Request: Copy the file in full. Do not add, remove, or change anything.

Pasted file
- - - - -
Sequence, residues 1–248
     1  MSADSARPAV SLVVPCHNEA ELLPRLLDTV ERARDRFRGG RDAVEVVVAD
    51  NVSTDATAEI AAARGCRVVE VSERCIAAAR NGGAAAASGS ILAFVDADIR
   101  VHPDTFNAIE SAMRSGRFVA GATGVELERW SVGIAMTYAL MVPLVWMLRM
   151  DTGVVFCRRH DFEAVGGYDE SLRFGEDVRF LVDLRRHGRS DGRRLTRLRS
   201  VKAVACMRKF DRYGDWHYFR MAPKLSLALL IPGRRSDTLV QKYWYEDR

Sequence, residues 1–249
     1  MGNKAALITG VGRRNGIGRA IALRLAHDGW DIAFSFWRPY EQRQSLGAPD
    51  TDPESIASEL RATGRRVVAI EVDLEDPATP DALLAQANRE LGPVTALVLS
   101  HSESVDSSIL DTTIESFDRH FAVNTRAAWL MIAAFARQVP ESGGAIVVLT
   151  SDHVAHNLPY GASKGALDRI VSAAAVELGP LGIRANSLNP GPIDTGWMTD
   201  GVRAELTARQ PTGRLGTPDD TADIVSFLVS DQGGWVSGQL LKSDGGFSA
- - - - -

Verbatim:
Sequence, residues 1–248
     1  MSADSARPAV SLVVPCHNEA ELLPRLLDTV ERARDRFRGG RDAVEVVVAD
    51  NVSTDATAEI AAARGCRVVE VSERCIAAAR NGGAAAASGS ILAFVDADIR
   101  VHPDTFNAIE SAMRSGRFVA GATGVELERW SVGIAMTYAL MVPLVWMLRM
   151  DTGVVFCRRH DFEAVGGYDE SLRFGEDVRF LVDLRRHGRS DGRRLTRLRS
   201  VKAVACMRKF DRYGDWHYFR MAPKLSLALL IPGRRSDTLV QKYWYEDR

Sequence, residues 1–249
     1  MGNKAALITG VGRRNGIGRA IALRLAHDGW DIAFSFWRPY EQRQSLGAPD
    51  TDPESIASEL RATGRRVVAI EVDLEDPATP DALLAQANRE LGPVTALVLS
   101  HSESVDSSIL DTTIESFDRH FAVNTRAAWL MIAAFARQVP ESGGAIVVLT
   151  SDHVAHNLPY GASKGALDRI VSAAAVELGP LGIRANSLNP GPIDTGWMTD
   201  GVRAELTARQ PTGRLGTPDD TADIVSFLVS DQGGWVSGQL LKSDGGFSA